Lecture10_2005

Lecture10_2005 - Green / Stats The Importance of...

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Green // Stats The Importance of “Importance” This lecture aims to distinguish among various meanings of the term “importance” as applied to regression results. I will use James E. Campbell’s regression analysis of presidential election outcomes (see class website for his October 2004 essay “Forecasting the Presidential Vote in 2004: Placing Preference Polls in Context” PS 36(4): 763-7 and the accompanying data) as a running example. The basic model is U cZ bX a Y + + + = , where Y is the share of the major party vote won by the “incumbent” party’s presidential candidate, X is the share of the major party support expressed in a September pre-election poll, and Z is a measure of 2 nd quarter economic performance. Before turning to the topic of importance, let’s review Professor Campbell’s regression results. First, let’s consider the bivariate relationship between X and Y: SEPTPOLL INPTYVOTE 70 65 60 55 50 45 40 62.5 60.0 57.5 55.0 52.5 50.0 47.5 45.0 2000 1996 1992 1988 1984 1980 1976 1972 1968 1964 1960 1956 1952 1948 Scatterplot of I NPTYVOTE vs SEPTPOLL This graph shows a strong and fairly linear relationship between poll results and election outcomes. Note that the point farthest from the regression line is 1980, a year that featured unusually poor economic performance. That “residual” suggests that the inclusion of an economic predictor might improve the fit. The corresponding bivariate regression analysis looks like this:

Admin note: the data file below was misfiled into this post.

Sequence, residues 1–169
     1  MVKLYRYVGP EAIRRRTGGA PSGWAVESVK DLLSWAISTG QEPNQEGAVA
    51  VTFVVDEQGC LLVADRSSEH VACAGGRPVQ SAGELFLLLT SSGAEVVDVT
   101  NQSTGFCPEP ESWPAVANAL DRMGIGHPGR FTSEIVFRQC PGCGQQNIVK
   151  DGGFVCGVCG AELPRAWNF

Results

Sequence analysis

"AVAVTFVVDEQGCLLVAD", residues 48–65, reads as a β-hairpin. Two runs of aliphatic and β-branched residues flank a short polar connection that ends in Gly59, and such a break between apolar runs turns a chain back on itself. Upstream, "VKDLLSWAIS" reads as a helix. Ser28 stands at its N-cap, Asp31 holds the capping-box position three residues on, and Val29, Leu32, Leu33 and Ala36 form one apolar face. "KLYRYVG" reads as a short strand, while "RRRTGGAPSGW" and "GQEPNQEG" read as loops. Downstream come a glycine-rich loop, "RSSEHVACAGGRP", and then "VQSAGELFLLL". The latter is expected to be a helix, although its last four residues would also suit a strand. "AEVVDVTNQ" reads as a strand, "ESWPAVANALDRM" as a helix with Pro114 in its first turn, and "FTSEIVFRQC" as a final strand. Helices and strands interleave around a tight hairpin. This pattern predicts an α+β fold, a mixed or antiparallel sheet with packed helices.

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The regression equation is INPTYVOTE = 24.0 + 0.553 SEPTPOLL Predictor Coef SE Coef T P Constant 24.007 4.693 5.12 0.000 SEPTPOLL 0.55250 0.08958 6.17 0.000 S = 2.94831 R-Sq = 76.0% R-Sq(adj) = 74.0% The results indicate that the actual vote increases, on average, by .55 for each one-point increase in pre-election poll results. The magnitude of this coefficient is somewhat surprising. Evidently, races are typically much closer than they appear in September. Even if the poll found zero support for the incumbent party’s candidate, he would still be expected to receive 24%; conversely, if the poll found 100% support, the actual vote share would be expected to be 79%. The value of s tells us that the disturbances have an estimated standard deviation of close to 3 percentage-points. That means that polls have somewhat limited utility as grounds for election forecasts, in that polls lack the accuracy to “call” a close election. Remember that the confidence interval and prediction intervals for forecasts are functions of s . One of the key arguments in Professor Campbell’s essay is the claim that economic conditions can be used to augment the explanatory and predictive accuracy of this bivariate regression model. This graph, which plots the fitted values (FITS1) from a regression of election outcomes on both pre-election polls and economic conditions, seems to support this argument. Notice that the points tend to lie closer to the regression line than in the previous scatterplot.
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FITS1
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Lecture10_2005 - Green / Stats The Importance of...

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